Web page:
Turkey 27: Pamukkale

It was thirty degrees out today, and the best frame of reference I had for what I was seeing was Alaska.

When I worked for Royal Caribbean, I was able to do an Alaska run and saw a whole lot of ice.  Glaciers, big, white and blue, spreading across mountains and into the sea.  Beautiful white mounds that defy belief with their sheer size.

That’s what Pamukkale reminded me of.

It’s known as the “Cotton Castle” in Turkey and, yes, I did see “100% Pamuk” on a towel, and Kale does make up the word “Kalesi”, which is castle, so it’s a literal translation.   Hieropolis, at its top, was founded in the 2nd century BC and was known as an ancient curative centre.  In fact, if you shell out the extra lira (32!) to go for a swim in the Sacred Pool, you’re being exposed to minerals that, according to the signs, can help cure anything from respiratory infections to foot issues.  The site contains a toxic spring at the Temple of Apollo, where small animals were gassed by priests as sacrifice, and a wonderfully restored theatre.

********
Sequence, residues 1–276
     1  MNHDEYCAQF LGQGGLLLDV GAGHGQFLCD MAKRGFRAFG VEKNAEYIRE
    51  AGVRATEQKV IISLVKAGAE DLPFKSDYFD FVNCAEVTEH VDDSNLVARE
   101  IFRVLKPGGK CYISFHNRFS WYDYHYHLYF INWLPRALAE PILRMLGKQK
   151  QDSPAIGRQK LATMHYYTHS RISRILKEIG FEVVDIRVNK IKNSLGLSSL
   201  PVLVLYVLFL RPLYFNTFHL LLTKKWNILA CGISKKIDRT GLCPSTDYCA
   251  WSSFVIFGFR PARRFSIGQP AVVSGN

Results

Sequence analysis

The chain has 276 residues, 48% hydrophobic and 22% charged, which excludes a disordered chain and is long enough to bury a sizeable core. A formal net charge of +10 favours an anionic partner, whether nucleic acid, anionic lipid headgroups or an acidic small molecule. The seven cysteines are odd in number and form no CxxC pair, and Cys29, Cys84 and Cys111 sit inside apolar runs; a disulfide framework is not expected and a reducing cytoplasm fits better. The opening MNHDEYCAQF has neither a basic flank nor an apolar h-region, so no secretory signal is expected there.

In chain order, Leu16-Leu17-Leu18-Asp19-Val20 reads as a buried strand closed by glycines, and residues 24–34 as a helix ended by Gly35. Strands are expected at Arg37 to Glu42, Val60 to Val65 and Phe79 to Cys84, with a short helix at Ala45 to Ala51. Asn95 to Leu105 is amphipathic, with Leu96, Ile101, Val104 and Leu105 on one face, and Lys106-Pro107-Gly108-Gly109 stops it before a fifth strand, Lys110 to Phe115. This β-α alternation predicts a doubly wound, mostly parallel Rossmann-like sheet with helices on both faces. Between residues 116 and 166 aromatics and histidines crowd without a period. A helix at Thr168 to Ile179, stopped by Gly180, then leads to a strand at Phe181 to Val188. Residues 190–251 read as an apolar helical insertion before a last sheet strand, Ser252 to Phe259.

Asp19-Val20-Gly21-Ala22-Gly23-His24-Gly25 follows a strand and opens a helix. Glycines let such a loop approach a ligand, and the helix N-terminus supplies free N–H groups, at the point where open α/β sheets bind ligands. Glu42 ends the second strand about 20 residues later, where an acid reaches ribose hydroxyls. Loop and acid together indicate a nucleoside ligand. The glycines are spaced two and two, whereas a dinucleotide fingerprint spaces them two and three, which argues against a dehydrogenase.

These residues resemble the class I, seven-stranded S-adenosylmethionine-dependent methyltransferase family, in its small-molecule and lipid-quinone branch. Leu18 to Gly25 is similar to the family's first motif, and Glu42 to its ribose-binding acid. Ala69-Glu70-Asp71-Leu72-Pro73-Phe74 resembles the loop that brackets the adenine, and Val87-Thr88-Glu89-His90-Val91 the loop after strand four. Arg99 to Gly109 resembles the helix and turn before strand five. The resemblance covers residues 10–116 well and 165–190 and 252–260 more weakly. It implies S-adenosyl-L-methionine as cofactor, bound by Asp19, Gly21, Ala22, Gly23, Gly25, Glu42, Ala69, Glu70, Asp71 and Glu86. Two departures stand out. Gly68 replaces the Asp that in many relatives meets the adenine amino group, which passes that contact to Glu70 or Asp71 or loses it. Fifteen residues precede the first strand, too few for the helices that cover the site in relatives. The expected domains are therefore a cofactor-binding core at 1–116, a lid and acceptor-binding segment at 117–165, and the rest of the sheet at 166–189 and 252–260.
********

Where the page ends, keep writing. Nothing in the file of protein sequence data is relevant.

The walk up the hill, though, is the definite highlight.  It’s white on white on white, absolutely beautiful, looking like the mountain was just covered in fresh snow, an interesting visual as Russian tourists waddle uphill in their Speedos (I spoke too soon yesterday).  It’s muddy with white clay in some places and there are plenty of travertines where you can take a dip.  Granted, these ones have been made by the Turks for the tourists, but it doesn’t diminish from the magic of the place.

Tomorrow morning, we’re up early to fly to where this all started, Istanbul.  Daina’s leg of the trip is winding down, so we’ll just be KBackpacks for a few days afterwards. 

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